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This is from pages 32-33 of Physics for Mathematicians. A rocket + fuel system of mass $m(t)$ is moving along at velocity $v(t)$, with its fuel being ejected at the velocity (relative to the rocket) $q(t)$.

In a short time interval $[t, t + h]$, the amount of fuel ejected is $m(t) - m(t + h)$, and therefore the momentum of expelled fuel will be close to $[m(t) - m(t+h)]q(t)$. Thus, the momentum of the fuel in the other direction, pushing the rocket forward, will be the negative of this.

How do we deduce that the momentum of the fuel remaining in the rocket is the negative of the momentum of the fuel flying out of the rocket? This could be justified if we assumed that there are no external forces on the fuel, and that the fuel is initially at rest in the rocket, but I'm not sure about either of those assumptions.

...so the force on the rocket must be the derivative, $m'(t)q(t)$...

Why? All I can recognize is that $m'(t)q(t)$ is, given the expressions mentioned previously, the derivative of the momentum of the expelled fuel at time $t$. This is the force on the expelled fuel, which by what was said before is the negative of the force on the fuel pushing into the rocket, so we're saying

Force on fuel pushing into rocket = - Force on rocket

Which seems kind of like Newton's third law, but who says that the force on the left hand side is being applied by the rocket?

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  • $\begingroup$ The sentence starting "Thus, the momentum ..." sounds like gibberish to me. I don't understand what the author is saying. $m'(t)q(t)$ is not the derivative of the momentum of the expelled fuel. And I don't understand what you mean by the sentence "Force on fuel pushing into rocket ...". I think you need to clarify you concerns, and add the details of your reasoning. $\endgroup$ – garyp Jun 18 '16 at 13:30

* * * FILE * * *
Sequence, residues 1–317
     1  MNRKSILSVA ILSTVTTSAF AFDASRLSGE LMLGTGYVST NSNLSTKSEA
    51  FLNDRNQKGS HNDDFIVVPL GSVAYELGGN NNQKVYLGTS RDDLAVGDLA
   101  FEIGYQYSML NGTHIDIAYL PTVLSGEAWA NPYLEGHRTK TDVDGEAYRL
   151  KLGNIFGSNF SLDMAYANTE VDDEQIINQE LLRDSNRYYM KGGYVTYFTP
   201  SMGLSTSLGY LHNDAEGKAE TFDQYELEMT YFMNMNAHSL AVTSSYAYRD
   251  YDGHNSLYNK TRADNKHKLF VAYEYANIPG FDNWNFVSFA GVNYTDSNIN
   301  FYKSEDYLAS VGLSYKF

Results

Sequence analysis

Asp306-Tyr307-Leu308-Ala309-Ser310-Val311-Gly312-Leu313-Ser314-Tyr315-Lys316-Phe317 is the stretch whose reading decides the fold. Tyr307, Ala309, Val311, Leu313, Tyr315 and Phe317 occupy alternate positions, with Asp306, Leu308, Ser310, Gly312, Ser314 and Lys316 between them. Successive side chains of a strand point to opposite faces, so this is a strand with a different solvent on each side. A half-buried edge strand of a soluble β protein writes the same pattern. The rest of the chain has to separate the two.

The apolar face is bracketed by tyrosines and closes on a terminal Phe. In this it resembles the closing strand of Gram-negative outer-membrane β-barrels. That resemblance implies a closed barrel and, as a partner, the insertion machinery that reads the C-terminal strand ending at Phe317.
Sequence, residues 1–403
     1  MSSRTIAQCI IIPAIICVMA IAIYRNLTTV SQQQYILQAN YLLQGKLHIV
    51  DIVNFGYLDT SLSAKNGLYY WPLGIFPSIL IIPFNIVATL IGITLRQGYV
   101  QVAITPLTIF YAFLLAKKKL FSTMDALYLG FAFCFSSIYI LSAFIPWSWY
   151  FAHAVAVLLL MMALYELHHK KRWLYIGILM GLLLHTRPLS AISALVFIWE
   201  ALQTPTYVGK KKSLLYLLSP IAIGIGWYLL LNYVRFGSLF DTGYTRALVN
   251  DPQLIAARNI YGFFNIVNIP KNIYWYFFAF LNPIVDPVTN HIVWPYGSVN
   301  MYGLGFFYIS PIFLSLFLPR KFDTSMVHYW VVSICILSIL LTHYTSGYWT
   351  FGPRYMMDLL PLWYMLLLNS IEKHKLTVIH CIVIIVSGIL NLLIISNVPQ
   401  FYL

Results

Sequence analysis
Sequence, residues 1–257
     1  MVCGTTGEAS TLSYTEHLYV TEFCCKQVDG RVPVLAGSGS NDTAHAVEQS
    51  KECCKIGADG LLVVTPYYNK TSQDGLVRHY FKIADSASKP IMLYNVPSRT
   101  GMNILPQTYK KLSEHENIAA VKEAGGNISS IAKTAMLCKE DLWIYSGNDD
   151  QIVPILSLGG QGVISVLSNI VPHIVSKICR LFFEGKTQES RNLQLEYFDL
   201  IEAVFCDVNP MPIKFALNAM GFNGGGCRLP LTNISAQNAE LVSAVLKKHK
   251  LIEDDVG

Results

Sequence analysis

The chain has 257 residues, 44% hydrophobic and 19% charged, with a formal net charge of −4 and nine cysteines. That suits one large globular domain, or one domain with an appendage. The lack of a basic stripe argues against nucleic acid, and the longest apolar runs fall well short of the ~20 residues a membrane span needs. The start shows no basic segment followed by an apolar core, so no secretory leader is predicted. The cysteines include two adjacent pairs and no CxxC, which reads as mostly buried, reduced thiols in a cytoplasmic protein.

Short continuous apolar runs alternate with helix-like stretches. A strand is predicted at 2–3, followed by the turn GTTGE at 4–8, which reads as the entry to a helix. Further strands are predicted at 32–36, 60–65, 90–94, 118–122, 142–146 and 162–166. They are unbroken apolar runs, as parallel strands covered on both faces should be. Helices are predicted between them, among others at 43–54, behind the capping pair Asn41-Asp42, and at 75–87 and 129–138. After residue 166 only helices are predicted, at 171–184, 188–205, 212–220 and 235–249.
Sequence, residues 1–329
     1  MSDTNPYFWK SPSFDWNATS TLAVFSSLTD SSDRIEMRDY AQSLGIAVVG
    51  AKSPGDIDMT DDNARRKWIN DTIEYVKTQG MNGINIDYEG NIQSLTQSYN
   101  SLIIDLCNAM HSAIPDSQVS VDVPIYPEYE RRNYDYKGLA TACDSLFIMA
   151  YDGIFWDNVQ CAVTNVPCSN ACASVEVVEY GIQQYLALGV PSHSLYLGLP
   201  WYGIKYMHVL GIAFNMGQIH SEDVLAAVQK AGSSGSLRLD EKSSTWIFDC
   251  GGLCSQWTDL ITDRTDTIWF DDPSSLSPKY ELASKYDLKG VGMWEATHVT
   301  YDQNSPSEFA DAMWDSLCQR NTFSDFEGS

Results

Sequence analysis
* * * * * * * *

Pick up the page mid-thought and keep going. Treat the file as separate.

• $\begingroup$ @garyp By "fuel pushing into rocket", the author means that when the fuel ignites, some of it flies out the end of the rocket, and some of it pushes into the rocket, propelling it forward. $\endgroup$ – Jack M Jun 18 '16 at 15:51
  • $\begingroup$ Thanks. The phrasing is still bad. No fuel is ejected. Exhaust, the products of combustion, are ejected. Some of the exhaust goes straight out the back. The rest of it is directed toward the front, and encounters the nozzle, where much of it is redirected backwards. No fuel remains in the rocket to propel it forward. $\endgroup$ – garyp Jun 18 '16 at 17:59
  • $\begingroup$ You don't need your assumptions to justify the statement. Imagine that the combustion is a series of explosions of short duration $\mathrm{d}t$. Whatever momentum goes straight back has to be balanced by something, either the rocket itself and its contents (remaining fuel), or whatever exhaust manages to leak forward (assumed to be negligible). $\endgroup$ – garyp Jun 18 '16 at 18:00
  • $\begingroup$ As your question "Why? All I can ..." , I don't think that question can be answered without seeing what the author's argument is. $\endgroup$ – garyp Jun 18 '16 at 18:05

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